Magazine article National Defense

Pentagon Lobbies for Broader Base of Suppliers

Magazine article National Defense

Pentagon Lobbies for Broader Base of Suppliers

Article excerpt

At the Defense Department, officials increasingly recognize that the market for military equipment has become "global" much like other commercial industries such as aerospace and computers.

They envision an open arms market where U.S. and foreign contractors compete even-handedly for military work here and abroad.

The rhetoric, however, is clashing against the realities of protectionist trade practices on both sides of the Atlantic and contradictory government policies that, on the one hand, seek to broaden market competition but, on the other hand, regulate over who can do business with whom.

The Pentagon, additionally, is unhappy about the lack of compatibility between its weapons systems and the equipment used by U.S. allies. A compelling case in point surfaced during the recent air war in Kosovo, where the United States used precision and all-weather munitions in about 90 percent of the strikes against Yugoslavia. But only 10 percent of NATO's European warplanes are equipped to fire these weapons.

But even though Europe's collective defense expenditures equate to about two-thirds of what the United States spends on its military, the current school of thought at the Pentagon is that both the government and its contractors will benefit from the expansion of the defense marketplace beyond national borders.

European governments, however, are skeptical of U.S. alleged support for global markets. Some European contractors, additionally, are consolidating into larger companies that can compete more equally with U.S. conglomerates-exacerbating the cut-throat competition that currently exits for global weapon sales.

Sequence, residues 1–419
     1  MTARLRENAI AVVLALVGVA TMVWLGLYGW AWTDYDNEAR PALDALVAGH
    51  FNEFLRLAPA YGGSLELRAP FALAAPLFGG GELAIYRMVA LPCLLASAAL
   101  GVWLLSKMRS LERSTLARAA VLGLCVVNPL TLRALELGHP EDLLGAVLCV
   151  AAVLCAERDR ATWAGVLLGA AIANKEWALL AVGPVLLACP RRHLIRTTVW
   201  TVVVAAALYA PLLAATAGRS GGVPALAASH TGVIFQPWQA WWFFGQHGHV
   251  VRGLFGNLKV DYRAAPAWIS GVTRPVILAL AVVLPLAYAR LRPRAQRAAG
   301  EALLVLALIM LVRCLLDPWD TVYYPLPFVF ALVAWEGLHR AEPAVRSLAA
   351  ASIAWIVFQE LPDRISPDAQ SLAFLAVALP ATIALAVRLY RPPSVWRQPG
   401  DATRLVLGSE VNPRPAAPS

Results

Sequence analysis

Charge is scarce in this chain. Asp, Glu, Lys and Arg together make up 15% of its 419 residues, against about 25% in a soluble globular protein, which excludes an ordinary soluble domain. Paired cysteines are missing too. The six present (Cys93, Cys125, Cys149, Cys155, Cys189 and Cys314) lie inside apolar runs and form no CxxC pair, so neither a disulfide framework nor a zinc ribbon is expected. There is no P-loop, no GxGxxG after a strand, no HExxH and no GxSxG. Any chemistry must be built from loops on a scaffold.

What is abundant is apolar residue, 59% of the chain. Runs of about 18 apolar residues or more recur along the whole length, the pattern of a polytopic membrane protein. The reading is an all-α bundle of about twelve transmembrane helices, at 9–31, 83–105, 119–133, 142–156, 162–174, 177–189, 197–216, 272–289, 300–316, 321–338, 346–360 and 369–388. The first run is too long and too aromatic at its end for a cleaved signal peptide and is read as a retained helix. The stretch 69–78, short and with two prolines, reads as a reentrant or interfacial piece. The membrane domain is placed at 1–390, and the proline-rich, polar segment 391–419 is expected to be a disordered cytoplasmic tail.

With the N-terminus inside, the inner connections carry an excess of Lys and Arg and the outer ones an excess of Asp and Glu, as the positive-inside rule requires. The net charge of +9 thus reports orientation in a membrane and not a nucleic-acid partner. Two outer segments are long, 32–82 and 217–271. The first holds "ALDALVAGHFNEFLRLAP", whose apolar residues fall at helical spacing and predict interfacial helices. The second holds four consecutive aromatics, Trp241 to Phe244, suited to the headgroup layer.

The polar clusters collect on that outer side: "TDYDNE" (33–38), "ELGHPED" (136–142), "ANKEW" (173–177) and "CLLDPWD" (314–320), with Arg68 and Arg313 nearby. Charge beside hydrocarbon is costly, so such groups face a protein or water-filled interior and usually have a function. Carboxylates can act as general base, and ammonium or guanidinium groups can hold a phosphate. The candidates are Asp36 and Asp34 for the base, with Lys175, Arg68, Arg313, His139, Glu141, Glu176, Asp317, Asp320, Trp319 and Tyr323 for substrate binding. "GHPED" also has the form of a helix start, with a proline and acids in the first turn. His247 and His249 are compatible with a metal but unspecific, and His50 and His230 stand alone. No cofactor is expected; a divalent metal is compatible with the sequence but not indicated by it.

"I very much fear that we are seeing the emergence of a Fortress Europe in the defense industry," said Deputy Defense Secretary John J. Hamre. In remarks to a conference in Arlington, Virginia, Hamre explained his fears are driven "by the positive elements of the economic consolidation that's under way in Europe right now and by the negative forces of paranoia about America's defense industry.

"I think these things are coming together and pushing European companies together into a single integrated entity," Hamre told the conference, which was sponsored by the American Institute for Aeronautics and Astronautics (AIAA).

The United States also is guilty of protectionism, experts said. This nation should abide by the principle that, "if it's good enough for you, it's good enough for me," said Francis M. Cevasco, a defense industry consultant at Hicks & Associates, McLean, Virginia. "We have to show evenhandedness by opening the U.S. market because the United States can't have it both ways," Cevasco said in an interview.

Recent developments in Europe have caught some observers by surprise.

"A year ago, I thought the Europeans would never consolidate, and it would be 20 years before they gained momentum," said James McAleese, president of a McLean law firm that represents defense contractors. He cited a number of events in Europe that potentially could threaten U.S. clout in the marketplace:

* The $12 billion takeover by British Aerospace of General Electric's Marconi electronics and missiles business, which creates a formidable competitor in the growing market for defense electronics.

* Ongoing discussions between British Aerospace and French and Italian companies to create a multi-national missile producer. …

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